Intermittent Faults & A Valuable Lesson Learned

Scott Reed
Scott Reed ✭✭✭
edited October 2023 in Share Your Ideas

A recent post by Samanth Isin related to cavitation really hit home with me. Early in my refinery career I was trying to solve a problem where a really expensive pump and gearbox was getting wrecked, and replaced in-kind, approximately every 6 weeks. While the refinery employed a very sophisticated Honeywell TDC Distributive Control System, a common cause as to what created or lead up to these events could not seem to be captured. The NDT and Inspection crew would increase their frequencies of vibration readings on this machine and from their analysis could never really capture anything other "normal" or "critical". In between, production operators would report noises coming from this machine at various, but infrequent times. The service of this machine was in transferring aromatic hydrocarbons from an intermediate storage tank back into one or more of the refinery process units.

After 3 months of manually configuring and trapping various conditions around this pump, storage tank and other upstream and downstream inputs into the TDC, I found that because of the varying vapor pressures of the hydrocarbons being stored and transferred, this pump could exhibit degrees of cavitation, from slight to significant, depending upon the level of the tank. Needless to say, this pump was not properly spec'd (NPSH) for the range of hydrocarbon properties for which the tank was being utilized. The quick fix was establishing a minimum tank level permissive for the pump to operate, albeit limiting the desired function of the tank. The real fix was specifying the correct pump for the range of service (at 25% of the capital cost as well). This problem had been going on for over 3 years and being the new guy, I was thrown to the wolves.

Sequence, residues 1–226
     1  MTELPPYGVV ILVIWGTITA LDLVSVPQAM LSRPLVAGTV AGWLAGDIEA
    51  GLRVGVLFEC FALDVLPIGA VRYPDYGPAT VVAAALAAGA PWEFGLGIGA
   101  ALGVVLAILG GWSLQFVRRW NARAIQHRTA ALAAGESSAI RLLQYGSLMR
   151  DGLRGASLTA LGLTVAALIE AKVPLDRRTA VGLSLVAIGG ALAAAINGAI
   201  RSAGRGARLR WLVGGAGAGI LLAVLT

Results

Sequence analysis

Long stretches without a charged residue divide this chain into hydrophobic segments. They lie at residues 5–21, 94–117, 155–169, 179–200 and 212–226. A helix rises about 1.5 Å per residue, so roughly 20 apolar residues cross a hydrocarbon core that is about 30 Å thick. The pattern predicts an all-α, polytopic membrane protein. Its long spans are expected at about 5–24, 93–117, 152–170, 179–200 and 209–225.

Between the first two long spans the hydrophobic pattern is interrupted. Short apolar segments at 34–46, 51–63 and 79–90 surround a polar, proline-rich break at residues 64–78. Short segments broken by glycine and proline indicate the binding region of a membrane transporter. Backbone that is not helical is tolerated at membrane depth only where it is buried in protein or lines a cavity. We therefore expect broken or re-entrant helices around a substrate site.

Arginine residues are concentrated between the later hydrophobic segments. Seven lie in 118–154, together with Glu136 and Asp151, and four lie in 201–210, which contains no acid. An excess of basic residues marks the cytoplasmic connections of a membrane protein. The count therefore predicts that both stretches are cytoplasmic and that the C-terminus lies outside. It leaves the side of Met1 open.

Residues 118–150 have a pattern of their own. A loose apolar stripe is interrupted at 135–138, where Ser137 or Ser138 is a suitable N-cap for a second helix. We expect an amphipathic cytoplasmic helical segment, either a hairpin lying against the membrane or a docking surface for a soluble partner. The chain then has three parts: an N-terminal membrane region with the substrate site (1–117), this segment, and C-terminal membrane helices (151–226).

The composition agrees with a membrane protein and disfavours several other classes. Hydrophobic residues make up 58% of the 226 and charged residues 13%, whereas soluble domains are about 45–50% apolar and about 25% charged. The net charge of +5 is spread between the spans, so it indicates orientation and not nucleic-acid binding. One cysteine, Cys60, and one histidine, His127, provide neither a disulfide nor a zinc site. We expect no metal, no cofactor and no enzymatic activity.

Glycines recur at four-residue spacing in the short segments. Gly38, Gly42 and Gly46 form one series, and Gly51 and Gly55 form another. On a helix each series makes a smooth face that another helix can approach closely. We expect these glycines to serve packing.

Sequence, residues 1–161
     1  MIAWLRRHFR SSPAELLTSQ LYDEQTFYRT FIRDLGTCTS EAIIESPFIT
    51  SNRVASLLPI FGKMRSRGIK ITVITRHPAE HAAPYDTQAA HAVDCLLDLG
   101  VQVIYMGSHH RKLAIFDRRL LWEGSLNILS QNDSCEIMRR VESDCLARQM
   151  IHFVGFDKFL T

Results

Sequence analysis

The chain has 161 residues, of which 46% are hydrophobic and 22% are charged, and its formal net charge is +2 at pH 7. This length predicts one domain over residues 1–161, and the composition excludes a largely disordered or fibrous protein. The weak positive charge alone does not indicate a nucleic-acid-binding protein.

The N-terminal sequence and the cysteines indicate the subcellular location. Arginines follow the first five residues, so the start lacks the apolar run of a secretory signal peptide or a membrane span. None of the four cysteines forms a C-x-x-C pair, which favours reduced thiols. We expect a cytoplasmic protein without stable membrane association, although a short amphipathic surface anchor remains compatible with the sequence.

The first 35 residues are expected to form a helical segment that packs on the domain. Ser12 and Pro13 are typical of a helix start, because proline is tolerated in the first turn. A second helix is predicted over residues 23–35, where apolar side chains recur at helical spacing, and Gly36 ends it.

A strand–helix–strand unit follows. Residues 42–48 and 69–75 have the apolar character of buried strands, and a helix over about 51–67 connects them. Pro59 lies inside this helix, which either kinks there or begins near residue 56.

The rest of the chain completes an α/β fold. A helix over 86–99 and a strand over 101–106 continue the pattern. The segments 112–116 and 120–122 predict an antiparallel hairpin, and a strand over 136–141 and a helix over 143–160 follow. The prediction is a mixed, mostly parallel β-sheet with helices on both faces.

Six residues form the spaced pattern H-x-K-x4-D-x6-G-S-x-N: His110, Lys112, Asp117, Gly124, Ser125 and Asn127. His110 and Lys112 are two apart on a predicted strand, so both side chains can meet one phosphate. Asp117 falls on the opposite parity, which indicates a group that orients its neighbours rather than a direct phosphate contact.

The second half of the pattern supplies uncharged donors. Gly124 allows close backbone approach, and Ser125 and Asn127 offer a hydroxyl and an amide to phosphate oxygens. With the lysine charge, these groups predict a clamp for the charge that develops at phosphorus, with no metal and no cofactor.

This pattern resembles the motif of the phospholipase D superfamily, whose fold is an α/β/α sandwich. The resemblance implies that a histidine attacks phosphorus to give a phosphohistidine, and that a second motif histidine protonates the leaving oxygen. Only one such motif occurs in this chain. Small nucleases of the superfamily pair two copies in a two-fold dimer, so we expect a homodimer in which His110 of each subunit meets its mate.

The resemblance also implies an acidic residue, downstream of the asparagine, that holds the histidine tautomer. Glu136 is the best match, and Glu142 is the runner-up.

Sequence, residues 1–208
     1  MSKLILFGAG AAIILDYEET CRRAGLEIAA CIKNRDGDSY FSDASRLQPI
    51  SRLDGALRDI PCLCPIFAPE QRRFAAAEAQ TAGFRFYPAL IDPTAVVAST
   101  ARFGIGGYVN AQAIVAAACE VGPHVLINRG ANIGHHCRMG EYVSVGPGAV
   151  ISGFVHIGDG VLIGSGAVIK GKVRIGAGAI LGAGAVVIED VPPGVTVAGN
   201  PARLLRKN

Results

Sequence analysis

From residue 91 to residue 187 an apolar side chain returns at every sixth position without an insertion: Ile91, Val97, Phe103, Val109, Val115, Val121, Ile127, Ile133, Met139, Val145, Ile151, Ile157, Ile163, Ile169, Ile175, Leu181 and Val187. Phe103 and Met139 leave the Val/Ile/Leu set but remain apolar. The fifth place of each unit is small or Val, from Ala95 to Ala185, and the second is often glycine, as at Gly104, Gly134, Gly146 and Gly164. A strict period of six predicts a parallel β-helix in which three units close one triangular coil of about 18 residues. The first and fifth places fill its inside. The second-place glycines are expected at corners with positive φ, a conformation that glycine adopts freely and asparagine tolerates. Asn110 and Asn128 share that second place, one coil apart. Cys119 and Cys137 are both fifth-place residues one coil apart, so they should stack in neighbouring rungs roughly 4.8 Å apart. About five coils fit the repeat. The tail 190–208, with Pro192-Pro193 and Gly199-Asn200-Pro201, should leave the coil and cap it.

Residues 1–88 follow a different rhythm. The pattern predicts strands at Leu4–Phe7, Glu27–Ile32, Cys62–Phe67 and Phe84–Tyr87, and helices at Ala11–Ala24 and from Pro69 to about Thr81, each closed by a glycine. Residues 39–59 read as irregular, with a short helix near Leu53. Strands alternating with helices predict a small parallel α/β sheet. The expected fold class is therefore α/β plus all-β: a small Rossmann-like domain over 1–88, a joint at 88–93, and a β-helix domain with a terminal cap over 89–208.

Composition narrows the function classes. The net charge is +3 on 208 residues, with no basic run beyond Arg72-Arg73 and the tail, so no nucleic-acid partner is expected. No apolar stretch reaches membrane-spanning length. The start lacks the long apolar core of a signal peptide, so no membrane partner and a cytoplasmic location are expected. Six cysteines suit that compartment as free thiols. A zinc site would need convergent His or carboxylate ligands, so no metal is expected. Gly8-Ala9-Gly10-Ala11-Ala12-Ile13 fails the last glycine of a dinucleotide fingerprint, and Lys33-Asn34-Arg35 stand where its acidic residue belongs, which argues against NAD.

Although this was years ago, the opportunity remains the same. Had we the luxury of continuous monitoring, this issue could've been solved quickly and without all the blame and emotion that consumed everyone in Plant Engineering, Inspection and Operations & Planning, not to mention the financial and service expense.

While there is much energy placed in the more mechanical causes of machine failure, always keep in mind the realities of process and methods eating your best mechanicals for lunch!


  • Lwhitehead

    That was a great discovery. I am having an issue with loosing pump seals. I am currently installing endpoints for continuous monitoring to help locate and eliminate the problem.